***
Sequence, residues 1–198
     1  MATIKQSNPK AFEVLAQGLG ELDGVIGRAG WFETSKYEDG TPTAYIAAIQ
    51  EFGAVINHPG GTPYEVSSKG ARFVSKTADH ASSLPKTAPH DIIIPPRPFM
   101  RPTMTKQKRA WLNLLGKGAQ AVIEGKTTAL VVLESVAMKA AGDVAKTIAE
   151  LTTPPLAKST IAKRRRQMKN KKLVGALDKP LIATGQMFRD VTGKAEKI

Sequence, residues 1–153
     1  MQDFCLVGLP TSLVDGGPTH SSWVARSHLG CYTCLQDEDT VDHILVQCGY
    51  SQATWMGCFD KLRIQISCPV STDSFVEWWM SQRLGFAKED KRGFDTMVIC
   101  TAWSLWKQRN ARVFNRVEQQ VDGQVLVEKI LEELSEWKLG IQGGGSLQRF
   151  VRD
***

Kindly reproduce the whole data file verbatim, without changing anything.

Sequence, residues 1–198
     1  MATIKQSNPK AFEVLAQGLG ELDGVIGRAG WFETSKYEDG TPTAYIAAIQ
    51  EFGAVINHPG GTPYEVSSKG ARFVSKTADH ASSLPKTAPH DIIIPPRPFM
   101  RPTMTKQKRA WLNLLGKGAQ AVIEGKTTAL VVLESVAMKA AGDVAKTIAE
   151  LTTPPLAKST IAKRRRQMKN KKLVGALDKP LIATGQMFRD VTGKAEKI

Sequence, residues 1–153
     1  MQDFCLVGLP TSLVDGGPTH SSWVARSHLG CYTCLQDEDT VDHILVQCGY
    51  SQATWMGCFD KLRIQISCPV STDSFVEWWM SQRLGFAKED KRGFDTMVIC
   101  TAWSLWKQRN ARVFNRVEQQ VDGQVLVEKI LEELSEWKLG IQGGGSLQRF
   151  VRD